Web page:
* Reliance Comm looking to ease $7 bln debt load
* Several attempts at asset sales have fallen short
* Company says awaits better conditions for deal
(Adds details, quotes, background)
By Devidutta Tripathy and Sumeet Chatterjee
July 20 India's Reliance Communications
has shelved a planned Singapore initial public
offering by its undersea cable unit to raise up to $1 billion,
wi t h unfavourable market conditions dealing a blow to its
efforts to ease a heavy debt load.
The company will "await supportive market conditions and
easing of prevailing global uncertainties to proceed with the
offering/listing at an appropriate time in the future," Reliance
Communications said in a statement late on Friday.
Burdened with net debt of $7 billion as of March 31, the
company controlled by billionaire Anil Ambani was looking to
raise between $700 million and $1 billion from the listing of
its undersea cable assets through a business trust in Singapore.
"It is hugely negative for the company. It would be very
tricky for them to raise money now and reduce the debt," said
Juergen Maiar, an Austria-based fund manager with Raiffeisen
Euroasien Aktien that owns Indian shares worth $200 million but
sold its Reliance Communications holdings a few years ago.
The Singapore trust, called GTI Trust, was offering a
dividend yield of as much as 11.5 percent, higher than that
offered by peers, but that didn't attract enough investor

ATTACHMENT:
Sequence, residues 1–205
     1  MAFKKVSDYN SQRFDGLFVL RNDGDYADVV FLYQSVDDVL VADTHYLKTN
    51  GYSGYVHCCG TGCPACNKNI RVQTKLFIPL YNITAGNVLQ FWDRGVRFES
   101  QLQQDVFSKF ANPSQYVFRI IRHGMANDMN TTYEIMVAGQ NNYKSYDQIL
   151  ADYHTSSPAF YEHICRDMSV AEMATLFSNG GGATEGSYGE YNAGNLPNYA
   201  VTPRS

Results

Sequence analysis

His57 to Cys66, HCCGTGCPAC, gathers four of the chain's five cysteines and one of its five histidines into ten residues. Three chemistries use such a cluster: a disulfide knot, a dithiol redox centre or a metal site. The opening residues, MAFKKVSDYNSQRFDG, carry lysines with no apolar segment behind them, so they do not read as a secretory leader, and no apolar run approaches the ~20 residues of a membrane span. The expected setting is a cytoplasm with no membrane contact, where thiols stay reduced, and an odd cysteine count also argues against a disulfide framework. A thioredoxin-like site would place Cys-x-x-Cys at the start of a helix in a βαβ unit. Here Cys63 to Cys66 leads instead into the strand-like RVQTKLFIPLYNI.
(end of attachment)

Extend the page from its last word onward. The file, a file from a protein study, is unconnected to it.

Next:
interest. The institutional bookbuilding period for the IPO was
extended twice this week.
"You can give them some benefit of the fact that the demand
for equities globally is extremely weak," said Eric Mookherjee,
a Paris-based fund manager for Shanti India, which owns about
$300 million of Indian shares an d previously held convertible
debt in Reliance Communications.
"But the fact that they still went ahead with it shows how
badly they need cash," he said.
A source with direct knowledge of the matter who declined to
be identified said the order book had not been fully covered by
the end of Friday despite commitments from Singapore state
investor Temasek, state-owned China Investment Corp
and Middle Eastern funds.
The stalled IPO is the latest in a string of unsuccessful
attempts at asset sales by India's No.2 mobile phone carrier by
It has been trying to raise about $3 billion by selling its
telecoms tower assets but has not struck a deal. In 2008 and
2009 it had tried to spin off the tower business in an IPO.
Reliance Communications secured $1.2 billion in loans from
Chinese state banks early this year to repay overseas
convertible debt due in March.
"Maybe they would get some Chinese money again, but
otherwise it is going to be difficult for them to raise money,"
Meanwhile, fierce competition in India, the world's
second-biggest mobile phone market, has hurt Reliance
Communications, which reported an unexpected increase in profits
for the three months to March, after 10 straight quarters of
Ahead of the announcement, Reliance Communications shares
closed 0.3 percent lower in Mumbai trading at 63.75 rupees,
valuing the company at about $2.4 billion. The stock price is
now less than a tenth of its peak in 2008.
Deutsche Bank, Standard Chartered,
Singapore's DBS and Industrial and Commercial Bank of
China were the advisors for the public offering.
(Additional reporting by Saeed Azhar in SINGAPORE; Editing by
Tony Munroe and Mark Potter)